Multiphoton photochemistry of red fluorescent proteins in solution and live cells.
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Genetically encoded fluorescent proteins (FPs), and biosensors based on them, provide new insights into how living cells and tissues function.Here, we show that the femtosecond multiphoton excitation of red FPs (DsRed2 and mFruits), both in solution and live cells, results in a chain of consecutive, partially reversible reactions, with individual rates driven by a high-order (3-5 photon) absorption.The first step of this process corresponds to a three- (DsRed2) or four-photon (mFruits) induced fast isomerization of the chromophore, yielding intermediate fluorescent forms, which then subsequently transform into nonfluorescent products.
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Affiliation: Department of Physics and ‡Department of Cell Biology and Neuroscience, Montana State University , Bozeman, Montana 59717, United States.
ABSTRACT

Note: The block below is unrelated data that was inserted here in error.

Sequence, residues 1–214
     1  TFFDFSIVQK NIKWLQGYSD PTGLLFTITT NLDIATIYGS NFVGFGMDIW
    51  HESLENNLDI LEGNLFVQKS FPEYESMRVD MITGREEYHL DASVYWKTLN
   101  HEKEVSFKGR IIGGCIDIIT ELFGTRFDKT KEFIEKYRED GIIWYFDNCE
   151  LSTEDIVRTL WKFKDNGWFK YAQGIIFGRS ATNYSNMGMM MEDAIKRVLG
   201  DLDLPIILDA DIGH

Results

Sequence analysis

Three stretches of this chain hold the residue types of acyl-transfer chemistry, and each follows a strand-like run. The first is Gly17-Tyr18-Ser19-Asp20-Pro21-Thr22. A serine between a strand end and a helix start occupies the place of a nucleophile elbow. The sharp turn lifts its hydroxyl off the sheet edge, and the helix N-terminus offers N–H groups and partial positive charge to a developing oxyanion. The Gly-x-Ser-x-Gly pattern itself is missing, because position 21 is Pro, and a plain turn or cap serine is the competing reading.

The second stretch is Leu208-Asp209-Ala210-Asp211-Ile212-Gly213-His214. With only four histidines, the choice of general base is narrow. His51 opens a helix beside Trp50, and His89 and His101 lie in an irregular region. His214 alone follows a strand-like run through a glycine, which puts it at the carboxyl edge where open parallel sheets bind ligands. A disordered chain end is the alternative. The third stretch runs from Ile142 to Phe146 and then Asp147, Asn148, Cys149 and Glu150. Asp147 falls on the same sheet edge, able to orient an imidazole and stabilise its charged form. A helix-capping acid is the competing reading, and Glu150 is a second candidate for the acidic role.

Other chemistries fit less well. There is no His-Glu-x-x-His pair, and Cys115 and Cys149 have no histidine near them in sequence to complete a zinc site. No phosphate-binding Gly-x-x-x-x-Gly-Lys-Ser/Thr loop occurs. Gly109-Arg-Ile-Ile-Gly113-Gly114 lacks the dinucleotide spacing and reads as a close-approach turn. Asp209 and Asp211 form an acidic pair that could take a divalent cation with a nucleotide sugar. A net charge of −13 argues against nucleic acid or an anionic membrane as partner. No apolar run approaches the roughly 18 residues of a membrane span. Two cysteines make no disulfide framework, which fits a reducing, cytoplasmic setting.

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Genetically encoded fluorescent proteins (FPs), and biosensors based on them, provide new insights into how living cells and tissues function. Ultimately, the goal of the bioimaging community is to use these probes deep in tissues and even in entire organisms, and this will require two-photon laser scanning microscopy (TPLSM), with its greater tissue penetration, lower autofluorescence background, and minimum photodamage in the out-of-focus volume. However, the extremely high instantaneous light intensities of femtosecond pulses in the focal volume dramatically increase the probability of further stepwise resonant photon absorption, leading to highly excited, ionizable and reactive states, often resulting in fast bleaching of fluorescent proteins in TPLSM. Here, we show that the femtosecond multiphoton excitation of red FPs (DsRed2 and mFruits), both in solution and live cells, results in a chain of consecutive, partially reversible reactions, with individual rates driven by a high-order (3-5 photon) absorption. The first step of this process corresponds to a three- (DsRed2) or four-photon (mFruits) induced fast isomerization of the chromophore, yielding intermediate fluorescent forms, which then subsequently transform into nonfluorescent products. Our experimental data and model calculations are consistent with a mechanism in which ultrafast electron transfer from the chromophore to a neighboring positively charged amino acid residue triggers the first step of multiphoton chromophore transformations in DsRed2 and mFruits, consisting of decarboxylation of a nearby deprotonated glutamic acid residue. Related in: MedlinePlus |